America's Most Overrated Product: the Bachelor's Degree
Among my saddest moments as a career counselor is when I hear a story like this: "I wasn't a good student in high school, but I wanted to prove that I can get a college diploma. I'd be the first one in my family to do it. But it's been five years and $80,000, and I still have 45 credits to go."
I have a hard time telling such people the killer statistic: Among high-school students who graduated in the bottom 40 percent of their classes, and whose first institutions were four-year colleges, two-thirds had not earned diplomas eight and a half years later. That figure is from a study cited by Clifford Adelman, a former research analyst at the U.S. Department of Education and now a senior research associate at the Institute for Higher Education Policy. Yet four-year colleges admit and take money from hundreds of thousands of such students each year!
Even worse, most of those college dropouts leave the campus having learned little of value, and with a mountain of debt and devastated self-esteem from their unsuccessful struggles. Perhaps worst of all, even those who do manage to graduate too rarely end up in careers that require a college education. So it's not surprising that when you hop into a cab or walk into a restaurant, you're likely to meet workers who spent years and their family's life savings on college, only to end up with a job they could have done as a high-school dropout.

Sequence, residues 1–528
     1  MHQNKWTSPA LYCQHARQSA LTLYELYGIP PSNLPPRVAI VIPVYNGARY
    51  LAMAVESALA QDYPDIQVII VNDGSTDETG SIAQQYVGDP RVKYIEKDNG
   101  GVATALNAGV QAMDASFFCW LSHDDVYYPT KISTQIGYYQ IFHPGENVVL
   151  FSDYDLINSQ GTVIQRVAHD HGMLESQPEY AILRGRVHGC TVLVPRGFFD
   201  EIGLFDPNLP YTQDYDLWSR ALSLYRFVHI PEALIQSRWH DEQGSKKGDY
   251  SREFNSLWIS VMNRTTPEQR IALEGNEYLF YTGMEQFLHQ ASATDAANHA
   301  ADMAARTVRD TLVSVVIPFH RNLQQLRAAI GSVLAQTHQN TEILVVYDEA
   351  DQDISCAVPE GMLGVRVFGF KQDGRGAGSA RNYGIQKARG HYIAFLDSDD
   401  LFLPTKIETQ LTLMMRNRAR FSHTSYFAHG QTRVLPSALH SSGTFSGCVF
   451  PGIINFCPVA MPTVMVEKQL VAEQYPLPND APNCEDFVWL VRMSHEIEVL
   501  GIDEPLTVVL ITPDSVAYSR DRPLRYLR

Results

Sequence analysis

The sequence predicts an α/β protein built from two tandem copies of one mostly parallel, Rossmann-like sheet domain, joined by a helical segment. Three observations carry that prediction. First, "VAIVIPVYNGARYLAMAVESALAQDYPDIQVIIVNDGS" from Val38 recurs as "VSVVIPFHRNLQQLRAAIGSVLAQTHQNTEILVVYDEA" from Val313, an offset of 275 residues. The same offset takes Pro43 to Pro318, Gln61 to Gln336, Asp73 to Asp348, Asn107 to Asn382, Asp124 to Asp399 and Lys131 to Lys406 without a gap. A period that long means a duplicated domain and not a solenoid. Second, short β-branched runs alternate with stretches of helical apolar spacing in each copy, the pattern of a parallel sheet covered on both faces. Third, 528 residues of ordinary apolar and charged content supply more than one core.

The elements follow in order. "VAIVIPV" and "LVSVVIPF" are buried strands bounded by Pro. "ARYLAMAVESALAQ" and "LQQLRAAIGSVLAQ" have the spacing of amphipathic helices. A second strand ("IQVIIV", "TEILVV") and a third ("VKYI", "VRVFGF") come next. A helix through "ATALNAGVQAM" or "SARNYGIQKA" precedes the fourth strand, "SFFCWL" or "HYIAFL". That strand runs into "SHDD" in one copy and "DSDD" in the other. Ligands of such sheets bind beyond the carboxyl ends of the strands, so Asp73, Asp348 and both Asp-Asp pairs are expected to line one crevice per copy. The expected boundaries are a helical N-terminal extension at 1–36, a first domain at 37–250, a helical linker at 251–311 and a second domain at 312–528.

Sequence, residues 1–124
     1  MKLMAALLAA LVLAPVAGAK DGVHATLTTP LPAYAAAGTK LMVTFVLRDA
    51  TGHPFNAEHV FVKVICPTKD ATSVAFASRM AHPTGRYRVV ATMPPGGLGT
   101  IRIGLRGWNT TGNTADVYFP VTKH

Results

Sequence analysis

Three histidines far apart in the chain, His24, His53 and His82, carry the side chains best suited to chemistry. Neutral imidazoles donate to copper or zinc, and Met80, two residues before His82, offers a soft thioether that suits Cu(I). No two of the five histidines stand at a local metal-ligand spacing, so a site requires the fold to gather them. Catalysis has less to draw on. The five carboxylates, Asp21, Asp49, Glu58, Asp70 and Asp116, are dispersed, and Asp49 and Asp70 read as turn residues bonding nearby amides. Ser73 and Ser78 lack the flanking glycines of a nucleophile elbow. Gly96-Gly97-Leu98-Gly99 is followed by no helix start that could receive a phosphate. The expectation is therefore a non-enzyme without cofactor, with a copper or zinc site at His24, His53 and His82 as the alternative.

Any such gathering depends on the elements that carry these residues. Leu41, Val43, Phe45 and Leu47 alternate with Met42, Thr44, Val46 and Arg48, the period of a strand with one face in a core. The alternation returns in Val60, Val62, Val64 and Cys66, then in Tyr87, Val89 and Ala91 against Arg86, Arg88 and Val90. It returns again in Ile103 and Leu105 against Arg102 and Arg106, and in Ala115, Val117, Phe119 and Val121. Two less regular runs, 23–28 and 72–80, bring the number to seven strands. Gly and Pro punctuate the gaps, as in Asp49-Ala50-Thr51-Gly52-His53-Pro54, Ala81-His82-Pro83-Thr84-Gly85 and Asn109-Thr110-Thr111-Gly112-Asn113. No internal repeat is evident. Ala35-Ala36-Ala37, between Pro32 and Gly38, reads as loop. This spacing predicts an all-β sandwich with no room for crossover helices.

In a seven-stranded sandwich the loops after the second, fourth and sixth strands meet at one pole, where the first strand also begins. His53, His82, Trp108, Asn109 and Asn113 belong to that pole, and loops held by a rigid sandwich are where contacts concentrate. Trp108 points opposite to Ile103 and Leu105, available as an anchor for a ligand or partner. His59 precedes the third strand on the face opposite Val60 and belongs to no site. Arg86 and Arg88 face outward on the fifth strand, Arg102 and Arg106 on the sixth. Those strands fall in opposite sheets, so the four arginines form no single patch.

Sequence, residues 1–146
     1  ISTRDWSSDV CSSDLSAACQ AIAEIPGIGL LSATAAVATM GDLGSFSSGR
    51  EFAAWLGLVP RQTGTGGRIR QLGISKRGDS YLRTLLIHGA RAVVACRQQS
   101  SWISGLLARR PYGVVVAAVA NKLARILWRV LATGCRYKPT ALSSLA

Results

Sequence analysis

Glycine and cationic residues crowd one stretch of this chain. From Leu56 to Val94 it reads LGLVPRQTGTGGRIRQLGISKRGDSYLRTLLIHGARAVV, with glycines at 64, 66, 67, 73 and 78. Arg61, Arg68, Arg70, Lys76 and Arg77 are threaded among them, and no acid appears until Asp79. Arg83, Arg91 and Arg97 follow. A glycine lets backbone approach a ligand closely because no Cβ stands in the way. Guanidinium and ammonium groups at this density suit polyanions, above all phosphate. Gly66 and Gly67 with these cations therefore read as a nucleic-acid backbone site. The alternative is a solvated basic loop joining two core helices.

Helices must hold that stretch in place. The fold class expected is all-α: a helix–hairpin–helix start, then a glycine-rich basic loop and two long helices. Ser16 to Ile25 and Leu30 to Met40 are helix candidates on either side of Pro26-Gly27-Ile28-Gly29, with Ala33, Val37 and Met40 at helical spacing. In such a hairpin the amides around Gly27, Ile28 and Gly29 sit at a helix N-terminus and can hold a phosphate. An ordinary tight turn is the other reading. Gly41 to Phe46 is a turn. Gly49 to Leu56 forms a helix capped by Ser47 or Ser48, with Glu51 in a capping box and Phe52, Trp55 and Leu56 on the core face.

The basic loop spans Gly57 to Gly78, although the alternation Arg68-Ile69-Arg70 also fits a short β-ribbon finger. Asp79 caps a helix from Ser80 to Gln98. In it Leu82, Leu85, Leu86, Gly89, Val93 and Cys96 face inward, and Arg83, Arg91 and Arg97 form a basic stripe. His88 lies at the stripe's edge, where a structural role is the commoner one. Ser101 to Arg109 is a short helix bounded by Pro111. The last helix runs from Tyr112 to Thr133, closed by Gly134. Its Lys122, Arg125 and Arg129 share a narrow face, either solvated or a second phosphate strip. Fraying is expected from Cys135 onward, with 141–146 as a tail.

Comment: The key ... do not borrow money to go to college. One of my kids suggested that I "cash out" my home equity to provide $$ for his college. I said "what does 'cash out' mean?". As you can probably guess, I did not take out a home equity loan to pay for his college. I'm actually pro-college. Kathee and I both have degrees: Kathee in Math from Florida State (1973), me Economics and Finance from the University of Cincinnati (1971).
Sad stories I've heard:
- A woman who got a degree in culinary arts (borrowed money) and basically makes little more than mininum wage at a restaurant.
- Ones (there's more than one) who have degrees in art, or sociology, or philosophy, or drama who cannot get a decent job.
- One I know who got her degree in History and wanted to work for the (_my company's_____) History Museum. Only to find out that the "historians" are basically clerks.
- Think about the job you will work after college before you go to college.
- Consider the military (like the Navy or the Air Force) where one get get some real life training (and a degree) paid for by the government while one is serving his country.
- Don't borrow!
HT: Bike Bubba